Are Tesla’s Really as Sustainable as We Think?

“Accelerating the world’s transition to sustainable energy” is the mission statement of an all-too familiar electric car company. For the past ten years, Tesla has been on the forefront of eco-friendly vehicles. To the increasingly environmentally conscious public, buying one is among some of the most green things you can do to help save the planet. However, how seriously ecologically sound are these cars? Perhaps we are placing too much faith into yet another cry of energy efficiency.

As many may already know, CEO of Tesla (among other things) Elon Musk caused a rift amongst environmentalists in 2021 when he endorsed Bitcoin, a company notorious for their enormous carbon footprint, relying on thousands of miners 24/7. Although Musk has since denounced economic partnership with Bitcoin, this is just one of the many flubs in Tesla’s alleged conservationism. A recent study my Arabesque, a company that assesses socioeconomic and environmental impacts of big name brands, (particularly in automobiles) found that Tesla is among 15% of the world’s largest companies that refuse to reveal their greenhouse-gas emissions In fact, traditional gas reliant companies such as General Motors and Ford were reported to be far more transparent. If Tesla is as environmentally friendly as its mission statement claims to be, why isn’t it jumping at the chance to flaunt its vast superiority to its oil-using counterparts?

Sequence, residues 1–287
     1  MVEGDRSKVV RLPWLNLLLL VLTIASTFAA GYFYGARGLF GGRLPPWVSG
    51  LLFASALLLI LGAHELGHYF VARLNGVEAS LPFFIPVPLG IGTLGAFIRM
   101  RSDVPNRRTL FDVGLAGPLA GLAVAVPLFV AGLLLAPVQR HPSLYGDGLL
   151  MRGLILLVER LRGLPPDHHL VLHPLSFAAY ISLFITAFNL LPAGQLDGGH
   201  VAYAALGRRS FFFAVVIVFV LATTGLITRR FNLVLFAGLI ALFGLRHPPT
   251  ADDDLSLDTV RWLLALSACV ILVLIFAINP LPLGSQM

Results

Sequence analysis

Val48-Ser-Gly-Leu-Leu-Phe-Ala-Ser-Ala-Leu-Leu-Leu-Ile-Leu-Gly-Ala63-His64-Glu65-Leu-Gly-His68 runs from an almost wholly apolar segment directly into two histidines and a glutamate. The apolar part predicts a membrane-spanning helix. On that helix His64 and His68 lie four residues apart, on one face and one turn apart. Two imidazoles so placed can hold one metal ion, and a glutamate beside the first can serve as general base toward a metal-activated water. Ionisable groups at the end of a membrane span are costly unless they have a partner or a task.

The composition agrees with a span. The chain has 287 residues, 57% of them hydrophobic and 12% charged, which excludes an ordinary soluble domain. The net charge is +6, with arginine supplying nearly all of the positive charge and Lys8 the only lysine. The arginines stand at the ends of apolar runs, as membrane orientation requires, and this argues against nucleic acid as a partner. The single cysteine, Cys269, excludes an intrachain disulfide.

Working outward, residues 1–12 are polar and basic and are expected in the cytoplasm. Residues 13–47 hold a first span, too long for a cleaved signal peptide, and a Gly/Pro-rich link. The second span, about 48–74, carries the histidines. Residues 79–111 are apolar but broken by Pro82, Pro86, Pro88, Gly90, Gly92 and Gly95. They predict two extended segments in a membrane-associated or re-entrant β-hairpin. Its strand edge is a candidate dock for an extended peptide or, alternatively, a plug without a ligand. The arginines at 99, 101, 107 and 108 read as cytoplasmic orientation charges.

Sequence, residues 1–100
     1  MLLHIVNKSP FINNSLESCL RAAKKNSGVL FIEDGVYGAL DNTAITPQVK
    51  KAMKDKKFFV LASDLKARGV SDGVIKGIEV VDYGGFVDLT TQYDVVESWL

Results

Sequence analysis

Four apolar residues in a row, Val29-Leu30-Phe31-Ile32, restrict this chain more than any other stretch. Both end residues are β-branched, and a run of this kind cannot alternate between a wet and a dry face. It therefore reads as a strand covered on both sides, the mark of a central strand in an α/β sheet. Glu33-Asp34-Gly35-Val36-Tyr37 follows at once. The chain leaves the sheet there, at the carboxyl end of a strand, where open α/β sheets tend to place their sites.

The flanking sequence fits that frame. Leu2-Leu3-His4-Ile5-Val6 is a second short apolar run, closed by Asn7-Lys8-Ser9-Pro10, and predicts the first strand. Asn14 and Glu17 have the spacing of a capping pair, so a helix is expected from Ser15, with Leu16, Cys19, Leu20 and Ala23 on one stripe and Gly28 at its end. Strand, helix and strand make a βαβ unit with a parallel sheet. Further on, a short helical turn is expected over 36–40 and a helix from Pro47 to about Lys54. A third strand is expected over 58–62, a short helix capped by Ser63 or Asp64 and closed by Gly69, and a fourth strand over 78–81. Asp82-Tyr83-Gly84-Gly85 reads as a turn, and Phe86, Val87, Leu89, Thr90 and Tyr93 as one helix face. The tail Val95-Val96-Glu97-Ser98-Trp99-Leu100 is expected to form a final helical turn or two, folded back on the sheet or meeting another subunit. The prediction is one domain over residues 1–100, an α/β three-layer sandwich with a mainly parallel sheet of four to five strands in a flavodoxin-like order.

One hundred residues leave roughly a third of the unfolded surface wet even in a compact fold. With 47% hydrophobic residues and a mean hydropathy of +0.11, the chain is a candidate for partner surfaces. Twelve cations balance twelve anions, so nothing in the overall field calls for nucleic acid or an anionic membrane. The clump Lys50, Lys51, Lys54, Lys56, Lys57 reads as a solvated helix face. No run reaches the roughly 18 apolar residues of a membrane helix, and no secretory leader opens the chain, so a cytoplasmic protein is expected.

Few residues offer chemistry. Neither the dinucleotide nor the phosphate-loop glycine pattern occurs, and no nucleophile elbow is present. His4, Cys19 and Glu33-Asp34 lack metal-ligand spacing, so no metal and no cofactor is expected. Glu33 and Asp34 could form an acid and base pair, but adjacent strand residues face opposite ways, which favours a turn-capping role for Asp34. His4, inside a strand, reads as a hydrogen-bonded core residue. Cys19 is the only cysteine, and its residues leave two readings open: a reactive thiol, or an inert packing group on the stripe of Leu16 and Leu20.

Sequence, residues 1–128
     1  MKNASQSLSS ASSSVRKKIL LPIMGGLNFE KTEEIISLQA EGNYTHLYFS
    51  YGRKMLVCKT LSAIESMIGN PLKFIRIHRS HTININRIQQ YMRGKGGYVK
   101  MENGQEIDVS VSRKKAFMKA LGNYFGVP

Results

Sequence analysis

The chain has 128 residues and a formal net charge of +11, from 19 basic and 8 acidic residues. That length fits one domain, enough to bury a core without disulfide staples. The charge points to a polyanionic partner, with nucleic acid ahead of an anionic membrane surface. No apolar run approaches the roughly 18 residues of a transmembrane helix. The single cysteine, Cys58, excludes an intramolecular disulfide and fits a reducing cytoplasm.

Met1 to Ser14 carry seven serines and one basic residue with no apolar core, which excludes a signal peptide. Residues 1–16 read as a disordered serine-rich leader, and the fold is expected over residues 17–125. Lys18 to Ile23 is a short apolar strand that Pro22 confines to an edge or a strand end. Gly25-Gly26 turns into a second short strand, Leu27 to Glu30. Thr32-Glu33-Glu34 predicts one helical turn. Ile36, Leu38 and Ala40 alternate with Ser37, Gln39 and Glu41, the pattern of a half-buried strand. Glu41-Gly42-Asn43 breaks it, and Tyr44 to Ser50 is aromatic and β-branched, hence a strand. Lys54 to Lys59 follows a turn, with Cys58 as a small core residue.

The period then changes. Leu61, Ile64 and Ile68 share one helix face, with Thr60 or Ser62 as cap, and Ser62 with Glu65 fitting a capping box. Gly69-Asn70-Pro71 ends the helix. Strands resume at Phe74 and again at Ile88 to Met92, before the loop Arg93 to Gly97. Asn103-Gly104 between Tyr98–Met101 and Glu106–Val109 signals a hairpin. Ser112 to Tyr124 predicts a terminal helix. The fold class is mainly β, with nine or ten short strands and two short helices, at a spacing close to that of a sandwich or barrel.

Besides this obvious suspicion, there are far more glaring pieces of explicit evidence that unveil Tesla’s absence of sustainability, masked with a luxury image and self-righteous claim of future-saving owners. Devonshire Research Group argues that Tesla, and virtually all electric vehicles, can create an equally damaging amount of pollution. For instance, burning carbon could still very well be utilized to generate power for electric cars. Power plants may use coal, intertwining with one’s hippie efforts. On a very general scale even, a Tesla’s very design entails a lot of rare metal. From lights to batteries to the software used for entertainment, many are gathered from destructive mines, including cobalt mines in Congo. Not to mention the obvious, Elon Musk is currently the world’s wealthiest person, surpassing American monopoly men like John D. Rockefeller, understandably leading to criticisms regarding the unfair distribution of wealth. It seems as though Musk’s ambition and wild visions for future products take a toll on his underpaid workers, particularly in his new manufacturing hub of Shanghai, China. 

What does this mean for our generation? Well, while it is integral for us to all be conscious of our planet’s needs, the things an average person can do to help begin at a local level. Opt for the easy things, like shorter showers, carpooling, and limiting your plastic use. At the end of the day, it is really not our fault that the Earth succumbed to such conditions that it is facing. Ironically, it is big business owners like Musk to blame, a trend as old as time.

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